Apple Can No Longer Force Developers to Use In-App Purchasing, Judge Rules in Epic Games Case

Samantha Klein
International Business Writer

Friday, September 10th marks a win for consumers following the conclusion of the trial between Apple and Epic Games.

Apple is no longer allowed to prohibit developers from promoting their own, often cheaper, payment methods as an alternative to Apple’s own in app purchasing.

Judge Yvonne Gonzales Rodgers handed down the decision putting an end to Apple’s anti-steering provisions in the highly publicized Epic Games vs Apple trial. A result that will be put into effect in December.

This conclusion is only a partial win for the development company Epic Games. Epic challenged Apple’s conduct and lost to the tech giant in nine out of ten courts. And Epic must pay reparations to Apple for breaching their contract from October 2020 to the date of the trial. Reparations amount to 30% of the revenue ($12,167,719) made on the Fortnite app on IOS through Epic Direct Payment between August and October 2020 plus 30% of any such revenue Epic games collected from November 1, 2020 through the date of judgement, and interest according to law.

The legal dispute began after Apple took Epic Games’s popular app, Fortnite, off the IOS app store. This occurred following Epic’s promotion of in-game purchases on their own site at a discounted rate. Epic advertised their store to offer cheaper prices to their consumers and to avoid Apple’s 30% cut of profits made through the IOS app store.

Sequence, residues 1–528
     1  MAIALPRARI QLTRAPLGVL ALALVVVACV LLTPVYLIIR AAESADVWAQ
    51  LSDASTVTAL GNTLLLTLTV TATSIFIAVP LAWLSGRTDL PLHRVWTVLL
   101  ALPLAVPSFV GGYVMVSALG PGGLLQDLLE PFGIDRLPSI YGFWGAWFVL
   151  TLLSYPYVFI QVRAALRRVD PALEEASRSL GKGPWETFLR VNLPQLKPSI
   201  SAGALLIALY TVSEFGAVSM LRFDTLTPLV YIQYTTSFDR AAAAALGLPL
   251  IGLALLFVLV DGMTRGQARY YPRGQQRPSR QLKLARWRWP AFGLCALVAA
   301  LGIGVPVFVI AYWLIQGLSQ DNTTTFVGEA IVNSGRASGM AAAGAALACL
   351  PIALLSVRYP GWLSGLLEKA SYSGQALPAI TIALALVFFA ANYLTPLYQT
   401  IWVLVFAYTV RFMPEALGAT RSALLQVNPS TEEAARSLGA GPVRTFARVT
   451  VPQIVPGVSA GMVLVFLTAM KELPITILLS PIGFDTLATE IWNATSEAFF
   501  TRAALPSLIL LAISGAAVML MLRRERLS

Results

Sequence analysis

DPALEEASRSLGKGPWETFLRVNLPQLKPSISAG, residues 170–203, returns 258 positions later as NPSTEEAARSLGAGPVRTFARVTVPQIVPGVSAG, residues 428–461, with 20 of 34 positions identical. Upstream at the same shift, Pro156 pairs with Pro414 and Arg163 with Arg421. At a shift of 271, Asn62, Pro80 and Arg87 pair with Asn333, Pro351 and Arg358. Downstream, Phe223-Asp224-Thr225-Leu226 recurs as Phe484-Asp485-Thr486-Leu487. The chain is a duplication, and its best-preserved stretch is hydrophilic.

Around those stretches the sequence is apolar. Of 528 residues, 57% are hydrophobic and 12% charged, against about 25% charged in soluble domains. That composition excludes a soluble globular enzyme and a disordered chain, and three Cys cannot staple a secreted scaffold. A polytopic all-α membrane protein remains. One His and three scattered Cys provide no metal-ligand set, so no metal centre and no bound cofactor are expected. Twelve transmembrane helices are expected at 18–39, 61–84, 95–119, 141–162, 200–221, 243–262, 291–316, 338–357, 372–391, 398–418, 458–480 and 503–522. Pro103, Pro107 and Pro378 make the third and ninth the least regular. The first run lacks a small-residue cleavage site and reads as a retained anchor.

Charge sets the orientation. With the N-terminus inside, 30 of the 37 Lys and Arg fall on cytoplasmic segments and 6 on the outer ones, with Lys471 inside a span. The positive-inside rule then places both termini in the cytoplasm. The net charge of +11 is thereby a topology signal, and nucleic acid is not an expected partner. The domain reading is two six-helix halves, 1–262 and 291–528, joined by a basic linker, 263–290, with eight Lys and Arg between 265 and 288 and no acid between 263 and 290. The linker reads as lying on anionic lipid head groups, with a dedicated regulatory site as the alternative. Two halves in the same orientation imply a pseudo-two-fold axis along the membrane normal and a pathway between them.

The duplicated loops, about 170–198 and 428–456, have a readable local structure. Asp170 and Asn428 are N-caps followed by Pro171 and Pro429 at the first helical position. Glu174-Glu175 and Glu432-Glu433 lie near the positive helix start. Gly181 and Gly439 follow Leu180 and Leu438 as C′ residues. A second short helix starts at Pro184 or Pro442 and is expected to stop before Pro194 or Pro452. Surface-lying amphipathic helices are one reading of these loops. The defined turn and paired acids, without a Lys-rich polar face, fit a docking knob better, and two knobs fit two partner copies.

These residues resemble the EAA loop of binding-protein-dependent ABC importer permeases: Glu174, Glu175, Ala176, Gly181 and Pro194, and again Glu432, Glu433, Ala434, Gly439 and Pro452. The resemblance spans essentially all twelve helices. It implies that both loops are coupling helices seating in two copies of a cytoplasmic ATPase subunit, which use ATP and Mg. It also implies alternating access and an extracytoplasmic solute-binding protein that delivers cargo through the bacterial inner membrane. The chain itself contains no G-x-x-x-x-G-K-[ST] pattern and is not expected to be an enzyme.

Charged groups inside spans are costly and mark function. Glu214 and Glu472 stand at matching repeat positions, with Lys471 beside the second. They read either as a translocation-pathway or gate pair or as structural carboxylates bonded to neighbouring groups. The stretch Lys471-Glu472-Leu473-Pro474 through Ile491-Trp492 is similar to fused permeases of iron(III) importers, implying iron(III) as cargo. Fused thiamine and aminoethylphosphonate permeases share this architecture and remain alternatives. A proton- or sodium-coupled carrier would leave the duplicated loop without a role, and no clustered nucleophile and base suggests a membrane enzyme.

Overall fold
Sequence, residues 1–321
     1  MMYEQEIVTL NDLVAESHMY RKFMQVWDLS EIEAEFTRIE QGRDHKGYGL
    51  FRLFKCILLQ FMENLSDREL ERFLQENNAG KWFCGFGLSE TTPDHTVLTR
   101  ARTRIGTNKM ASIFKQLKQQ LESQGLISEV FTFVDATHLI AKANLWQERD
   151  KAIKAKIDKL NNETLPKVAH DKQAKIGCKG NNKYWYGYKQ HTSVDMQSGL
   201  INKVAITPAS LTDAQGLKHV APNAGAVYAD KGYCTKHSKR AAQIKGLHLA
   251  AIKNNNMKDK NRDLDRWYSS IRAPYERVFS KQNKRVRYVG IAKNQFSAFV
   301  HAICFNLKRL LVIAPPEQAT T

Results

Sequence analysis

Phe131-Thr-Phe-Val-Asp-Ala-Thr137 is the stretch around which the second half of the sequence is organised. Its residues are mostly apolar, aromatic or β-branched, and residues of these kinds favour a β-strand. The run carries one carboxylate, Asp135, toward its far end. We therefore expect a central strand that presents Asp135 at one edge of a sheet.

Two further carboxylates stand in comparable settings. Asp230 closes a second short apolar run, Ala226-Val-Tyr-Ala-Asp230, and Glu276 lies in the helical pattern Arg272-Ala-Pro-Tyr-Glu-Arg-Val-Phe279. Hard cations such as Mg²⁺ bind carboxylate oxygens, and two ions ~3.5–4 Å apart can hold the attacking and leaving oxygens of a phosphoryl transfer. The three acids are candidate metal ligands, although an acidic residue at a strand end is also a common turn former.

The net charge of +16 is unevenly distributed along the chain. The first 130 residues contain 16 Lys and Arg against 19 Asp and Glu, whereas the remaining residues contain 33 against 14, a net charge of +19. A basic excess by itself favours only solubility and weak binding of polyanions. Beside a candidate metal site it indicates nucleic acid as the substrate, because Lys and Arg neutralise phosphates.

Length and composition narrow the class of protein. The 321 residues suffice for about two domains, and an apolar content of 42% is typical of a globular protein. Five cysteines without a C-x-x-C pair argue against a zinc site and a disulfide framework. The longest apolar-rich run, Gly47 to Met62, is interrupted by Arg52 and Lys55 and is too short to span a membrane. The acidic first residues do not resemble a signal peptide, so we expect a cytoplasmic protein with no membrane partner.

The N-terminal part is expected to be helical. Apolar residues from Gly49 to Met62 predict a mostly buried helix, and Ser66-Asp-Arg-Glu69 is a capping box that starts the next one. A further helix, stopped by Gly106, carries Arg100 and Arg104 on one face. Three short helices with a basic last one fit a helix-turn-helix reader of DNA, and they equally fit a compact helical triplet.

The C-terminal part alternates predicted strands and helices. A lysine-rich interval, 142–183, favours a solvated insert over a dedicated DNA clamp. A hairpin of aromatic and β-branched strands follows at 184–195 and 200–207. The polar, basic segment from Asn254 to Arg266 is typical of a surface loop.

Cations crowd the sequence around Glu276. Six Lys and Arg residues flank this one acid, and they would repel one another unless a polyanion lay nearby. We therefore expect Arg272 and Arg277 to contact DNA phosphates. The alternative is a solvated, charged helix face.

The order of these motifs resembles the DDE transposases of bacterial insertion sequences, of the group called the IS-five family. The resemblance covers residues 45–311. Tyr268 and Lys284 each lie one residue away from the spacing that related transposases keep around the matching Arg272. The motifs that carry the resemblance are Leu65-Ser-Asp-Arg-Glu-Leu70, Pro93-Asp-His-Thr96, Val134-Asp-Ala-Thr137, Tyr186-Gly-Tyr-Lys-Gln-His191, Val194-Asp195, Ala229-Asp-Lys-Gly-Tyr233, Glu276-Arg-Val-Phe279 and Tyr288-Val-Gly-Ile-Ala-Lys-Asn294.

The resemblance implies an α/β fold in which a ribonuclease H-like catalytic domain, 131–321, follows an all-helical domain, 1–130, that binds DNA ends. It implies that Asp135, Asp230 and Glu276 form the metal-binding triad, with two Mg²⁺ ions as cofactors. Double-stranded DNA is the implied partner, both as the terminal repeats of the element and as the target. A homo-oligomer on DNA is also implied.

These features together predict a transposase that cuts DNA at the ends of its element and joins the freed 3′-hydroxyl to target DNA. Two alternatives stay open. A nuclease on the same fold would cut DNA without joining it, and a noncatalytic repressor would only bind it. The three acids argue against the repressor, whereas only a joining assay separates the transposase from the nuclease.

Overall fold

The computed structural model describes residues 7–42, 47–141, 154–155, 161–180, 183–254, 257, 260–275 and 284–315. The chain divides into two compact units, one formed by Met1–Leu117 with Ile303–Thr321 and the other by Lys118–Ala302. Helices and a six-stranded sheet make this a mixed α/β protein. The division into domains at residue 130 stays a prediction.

In response to the removal, Epic Games filed a lawsuit claiming Apple’s monopoly over the IOS App Store violates Anti-Trust laws. Apple refuted these allegations by stating it is competing in the “gaming market,” and not its App Store alone. This makes it impossible for the company to have a monopoly over the market. The court ultimately ruled that the relevant market of competition is digital mobile gaming transactions, a market entirely different from those proposed by both Apple and Epic Games.

It was determined that Apple was not a monopolist, a result Apple general counsel Kate Adams says the company is very pleased with.

Pictured above is the game Fortnite developed by Epic Games (Photo courtesy of Google Images)

Despite the outcome of the case allowing developers to redirect consumers to their own stores for in app purchasing, Epic Games’s CEO Tim Sweeney is not satisfied with this result. Sweeney expressed his discontent in a Tweet, “Today’s ruling isn’t for developers or for consumers. Epic is fighting for fair competition among in-app payment methods and app stores for a billion consumers.”

Apple’s grip is loosening on developers with the allowance of 3rd party purchases in their apps, but Epic was aiming to achieve a much higher reform with their case against the tech conglomerate.

The court’s official ruling alluded to the possibility of Apple being a monopolist, but Epic Games has failed to demonstrate this in their case, a statement that generates some hope for Epic Games’ mission of fair competition.

Epic Games refuses to concede in their battle against Apple. The company announced that they would be appealing the court’s decision to try and gain a more favorable outcome.


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